Idaho courts offer new tool for renters facing eviction
BOISE, Idaho (AP) — The Idaho Supreme Court has a new online tool to resolve disputes between tenants and landlords that could help renters avoid becoming homeless.
The court announced the tool Wednesday ahead of the ending of an nationwide eviction moratorium put in place by the federal Centers for Disease Control and Prevention to help tenants unable to make rent payments during the pandemic and prevent the spread of COVID-19.
The moratorium ends July 31.
The tool gives landlords and tenants in new eviction cases the opportunity to resolve their disputes outside court. It uses software that guides parties through a negotiation process and offers referrals to agencies that provide rental assistance.
The court plans to test the new tool in Ada County, which includes Boise, before making it statewide.
“Partly, this is about getting ahead of a number we don’t know much about: How many evictions are not being filed because the federal moratorium expires at the end of the month?” Idaho Supreme Court Communications Manager Nate Poppino told the Idaho Statesman.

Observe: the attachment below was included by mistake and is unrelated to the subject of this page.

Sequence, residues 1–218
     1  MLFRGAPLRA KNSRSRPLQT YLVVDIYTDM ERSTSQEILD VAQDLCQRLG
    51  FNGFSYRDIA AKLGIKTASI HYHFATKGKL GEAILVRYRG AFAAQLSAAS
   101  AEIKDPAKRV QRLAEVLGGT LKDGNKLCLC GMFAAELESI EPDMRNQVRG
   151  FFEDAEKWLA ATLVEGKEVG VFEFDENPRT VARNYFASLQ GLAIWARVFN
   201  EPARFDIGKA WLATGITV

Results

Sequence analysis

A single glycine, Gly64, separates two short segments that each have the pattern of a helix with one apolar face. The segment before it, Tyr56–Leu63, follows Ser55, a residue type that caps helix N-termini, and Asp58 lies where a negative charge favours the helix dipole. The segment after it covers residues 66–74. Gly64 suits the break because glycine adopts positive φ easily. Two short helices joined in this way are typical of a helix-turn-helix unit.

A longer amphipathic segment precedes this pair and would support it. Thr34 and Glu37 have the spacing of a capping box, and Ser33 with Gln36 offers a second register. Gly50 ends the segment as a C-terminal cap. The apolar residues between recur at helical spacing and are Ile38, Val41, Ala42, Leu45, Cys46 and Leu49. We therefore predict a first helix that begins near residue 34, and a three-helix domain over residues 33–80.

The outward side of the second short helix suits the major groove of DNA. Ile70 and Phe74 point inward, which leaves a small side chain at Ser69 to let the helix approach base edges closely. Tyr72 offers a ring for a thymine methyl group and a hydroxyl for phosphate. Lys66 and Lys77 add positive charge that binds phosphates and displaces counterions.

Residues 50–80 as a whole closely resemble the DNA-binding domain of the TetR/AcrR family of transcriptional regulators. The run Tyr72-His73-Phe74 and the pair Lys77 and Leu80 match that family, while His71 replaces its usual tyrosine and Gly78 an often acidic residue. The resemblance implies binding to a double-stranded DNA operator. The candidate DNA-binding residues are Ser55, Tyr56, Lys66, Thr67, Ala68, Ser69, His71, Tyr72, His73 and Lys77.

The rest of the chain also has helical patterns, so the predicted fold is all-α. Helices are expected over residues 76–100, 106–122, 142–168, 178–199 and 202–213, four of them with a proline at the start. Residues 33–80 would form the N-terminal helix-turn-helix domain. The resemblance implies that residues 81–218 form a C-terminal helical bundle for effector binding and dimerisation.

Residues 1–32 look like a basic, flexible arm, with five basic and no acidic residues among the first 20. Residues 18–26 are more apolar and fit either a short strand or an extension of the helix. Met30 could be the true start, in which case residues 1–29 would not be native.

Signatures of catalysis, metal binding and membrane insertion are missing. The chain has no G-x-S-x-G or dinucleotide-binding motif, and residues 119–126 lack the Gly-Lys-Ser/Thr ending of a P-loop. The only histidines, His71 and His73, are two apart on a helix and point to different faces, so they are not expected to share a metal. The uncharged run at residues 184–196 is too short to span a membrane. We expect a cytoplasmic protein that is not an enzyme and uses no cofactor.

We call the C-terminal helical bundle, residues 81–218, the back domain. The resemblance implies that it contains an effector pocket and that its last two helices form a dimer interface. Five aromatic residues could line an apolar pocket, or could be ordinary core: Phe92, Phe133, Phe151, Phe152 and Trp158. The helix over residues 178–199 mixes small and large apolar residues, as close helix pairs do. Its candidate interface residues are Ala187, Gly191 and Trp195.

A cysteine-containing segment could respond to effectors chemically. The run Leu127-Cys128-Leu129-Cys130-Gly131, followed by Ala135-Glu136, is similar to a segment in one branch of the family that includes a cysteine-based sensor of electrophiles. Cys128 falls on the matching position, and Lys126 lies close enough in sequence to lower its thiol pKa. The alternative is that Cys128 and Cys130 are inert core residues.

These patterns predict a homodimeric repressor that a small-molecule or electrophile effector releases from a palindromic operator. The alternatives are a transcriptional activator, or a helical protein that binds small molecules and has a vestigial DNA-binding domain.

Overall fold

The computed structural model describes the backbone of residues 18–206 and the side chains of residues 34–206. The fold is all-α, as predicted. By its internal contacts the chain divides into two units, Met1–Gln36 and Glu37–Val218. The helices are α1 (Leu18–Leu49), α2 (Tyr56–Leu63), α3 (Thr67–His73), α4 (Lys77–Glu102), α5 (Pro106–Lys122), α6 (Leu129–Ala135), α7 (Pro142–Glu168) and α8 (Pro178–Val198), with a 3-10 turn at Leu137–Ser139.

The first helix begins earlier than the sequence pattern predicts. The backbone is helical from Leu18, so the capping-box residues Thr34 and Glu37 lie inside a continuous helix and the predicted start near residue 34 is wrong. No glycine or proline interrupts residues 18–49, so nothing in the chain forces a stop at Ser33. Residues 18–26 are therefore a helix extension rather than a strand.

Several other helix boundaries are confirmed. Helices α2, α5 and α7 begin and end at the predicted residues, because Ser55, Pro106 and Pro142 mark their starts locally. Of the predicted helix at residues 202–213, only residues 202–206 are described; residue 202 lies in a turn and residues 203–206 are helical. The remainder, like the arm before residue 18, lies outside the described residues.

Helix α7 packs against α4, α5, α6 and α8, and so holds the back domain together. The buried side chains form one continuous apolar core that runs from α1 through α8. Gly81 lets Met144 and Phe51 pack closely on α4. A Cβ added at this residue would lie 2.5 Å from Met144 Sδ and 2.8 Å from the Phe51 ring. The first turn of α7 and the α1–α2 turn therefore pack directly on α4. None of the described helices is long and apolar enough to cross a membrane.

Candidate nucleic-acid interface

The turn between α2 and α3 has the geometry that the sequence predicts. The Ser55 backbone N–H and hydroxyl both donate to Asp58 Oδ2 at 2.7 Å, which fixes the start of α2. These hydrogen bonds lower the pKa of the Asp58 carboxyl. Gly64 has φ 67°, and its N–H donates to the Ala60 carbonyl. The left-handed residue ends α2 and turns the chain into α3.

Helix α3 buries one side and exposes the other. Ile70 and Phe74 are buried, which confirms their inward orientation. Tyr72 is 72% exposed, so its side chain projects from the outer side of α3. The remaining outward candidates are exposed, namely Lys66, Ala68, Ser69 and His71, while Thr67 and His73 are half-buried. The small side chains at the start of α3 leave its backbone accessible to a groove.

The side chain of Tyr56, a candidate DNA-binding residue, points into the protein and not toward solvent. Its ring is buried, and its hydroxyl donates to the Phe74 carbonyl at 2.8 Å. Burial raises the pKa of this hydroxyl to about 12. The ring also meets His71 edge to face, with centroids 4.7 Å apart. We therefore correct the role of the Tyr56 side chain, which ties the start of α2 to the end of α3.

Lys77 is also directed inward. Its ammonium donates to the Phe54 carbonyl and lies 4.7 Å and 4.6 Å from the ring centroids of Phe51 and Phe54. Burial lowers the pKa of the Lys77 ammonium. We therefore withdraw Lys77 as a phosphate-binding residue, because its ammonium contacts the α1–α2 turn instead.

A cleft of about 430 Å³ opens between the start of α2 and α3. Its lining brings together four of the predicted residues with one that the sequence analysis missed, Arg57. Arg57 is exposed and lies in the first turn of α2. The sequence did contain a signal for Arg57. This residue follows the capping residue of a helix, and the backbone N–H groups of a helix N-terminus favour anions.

Poppino said Idaho court officials sought advice from a handful of other states, including Florida, New Mexico and Iowa, that were using dispute resolution tools, though not always for renter-landlord disputes.
Idaho has so far spent about $21 million of the $190 million received in federal coronavirus rescue money to help with outstanding rent, utility payments and other expenses.
But homeless advocates say documentation and a lack of internet access to participate in online court hearings have stymied many renters. Those evicted face a tough housing market as home prices and rents have risen sharply with Idaho’s rapid population growth.
Jesse Tree is a Boise nonprofit that provides rental assistance. Its executive director, Ali Rabe, said some renters owe thousands of dollars in rent dating back to the beginning of the pandemic.
“From my experience, when landlords take tenants to court, they want to get paid,” Rabe said. “That will definitely continue to be a challenge.”
Rabe said eviction filings in southwestern Idaho have averaged 20 to 30 a month despite the moratorium.